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Nationwide Mutual Insurance Co. v. Caris

United States District Court, District of New Jersey

May 19, 2015

NATIONWIDE MUTUAL INS. CO., as successor by merger to HARLEYSVILLE MUT. INS. CO., as successor to PENN MUTUAL INS. CO., Plaintiff,
v.
PAUL CARIS, OLIVIA CARIS, JEFFREY R. ULAK, and MICHELLE L. ULAK, Defendants.

MEMORANDUM OPINION & ORDER

JOSEPH H. RODRIGUEZ U.S.D.J.

This matter is before the Court on motion of Defendants Paul and Olivia Caris individually and as the limited representative of Defendant Jeffrey Ulak to dismiss the Complaint for lack of subject matter jurisdiction and to dismiss Plaintiffs' claim for fees and costs in Count II for failure to state a claim [Doc. 5]. The Court has considered the submissions of the parties and heard oral argument on the motion on May 12, 2015. For the reasons expressed on the record, and those set forth below. Defendants' motion will be denied in part and granted in part.

BACKGROUND

On August 25, 2014, Plaintiff Nationwide Mutual Insurance Company filed this action seeking a declaratory judgment pursuant to 28 U.S.C. § 2201(a) that it does not owe any indemnification obligation to the Defendants in connection with environmental remediation of property located at 47 Manhasset Trail, Medford Lakes, New Jersey (the "Property"). A State court action filed in the Superior Court of New Jersey, Law Division, Burlington County, captioned Caris v. Triassic Technology, Inc., Docket No. L-1253-12, claimed that the sellers of the Property, Defendants Jeffrey and Michelle Ulak, along with other defendants, fraudulently submitted closure paperwork to the New Jersey Department of Environment Protection ("NJDEP"), which allegedly caused damages to the Property buyers, Paul and Olivia Caris. Compl., Ex. A; Giansante Cert., Ex. B.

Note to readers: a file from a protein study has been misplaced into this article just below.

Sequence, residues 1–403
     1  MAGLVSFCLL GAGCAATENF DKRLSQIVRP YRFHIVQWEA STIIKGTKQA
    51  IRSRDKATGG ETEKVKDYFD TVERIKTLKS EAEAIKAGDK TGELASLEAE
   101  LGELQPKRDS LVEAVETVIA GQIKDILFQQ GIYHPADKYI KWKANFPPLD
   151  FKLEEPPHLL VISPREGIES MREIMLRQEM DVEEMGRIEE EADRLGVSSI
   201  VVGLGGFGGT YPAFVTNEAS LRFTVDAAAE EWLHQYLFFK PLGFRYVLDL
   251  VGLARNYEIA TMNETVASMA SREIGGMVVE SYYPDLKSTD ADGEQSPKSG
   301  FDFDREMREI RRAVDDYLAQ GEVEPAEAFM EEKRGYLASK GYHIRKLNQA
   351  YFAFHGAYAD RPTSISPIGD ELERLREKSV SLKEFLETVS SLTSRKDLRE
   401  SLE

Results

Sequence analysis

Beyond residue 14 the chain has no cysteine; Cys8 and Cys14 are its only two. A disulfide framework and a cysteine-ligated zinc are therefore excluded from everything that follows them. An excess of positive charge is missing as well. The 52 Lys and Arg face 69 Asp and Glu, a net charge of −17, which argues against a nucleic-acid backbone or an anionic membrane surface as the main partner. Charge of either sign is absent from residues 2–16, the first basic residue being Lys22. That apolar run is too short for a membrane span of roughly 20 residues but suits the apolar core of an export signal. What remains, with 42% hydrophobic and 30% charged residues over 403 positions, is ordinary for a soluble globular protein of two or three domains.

It appears from the State court action that the Carises purchased the Property at issue from the Ulaks on August 14, 2008. Prior to this transaction, on December 21, 2007, an underground storage tank was removed from the Property. The contractor on site observed holes in the tank, suspected release therefrom, and reported the suspected release to the NJDEP. The Ulaks then reported the suspected release to their insurance carrier. Farmers Insurance Company, which retained a consulting engineering firm to investigate. An April 23, 2008 report back to Farmers indicated that neither the soil nor the groundwater contained contaminants above allowable standards. At the same time, the sellers were going through a divorce and their realtor allegedly represented to the buyers that they may be able to procure the property for well below asking price.

On the heels of the consulting firm's report to the NJDEP, on August 11, 2008, the NJDEP issued a No Further Action Letter regarding the Property. On July 9, 2009, however, the NJDEP notified the buyers that the No Further Action Letter issued on their Property had been rescinded due to falsified documents. The underlying State court action followed alleging fraud, misrepresentation, intentional infliction of emotional distress, and breach of contract, among other claims.

It appears from the Complaint in this matter that Farmers issued policies to the Ulaks from July 31, 2003 to July 31, 2008. Compl. ¶14. In January 2014, Caris agreed to a settlement in principle with the State court defendants. Compl. ¶16. Those defendants agreed to fund the environmental remediation of the Property for a total of $60, 000 and if the NJDEP required further remedial response costs, they would fund such costs based on set percentage shares. Id. On the record memorializing the settlement, the State court indicated that the matter was settled as to the Ulaks only as to their liability during the years they were insured by Farmers, not the years prior when insured by Penn Mutual. Compl. ¶16-18.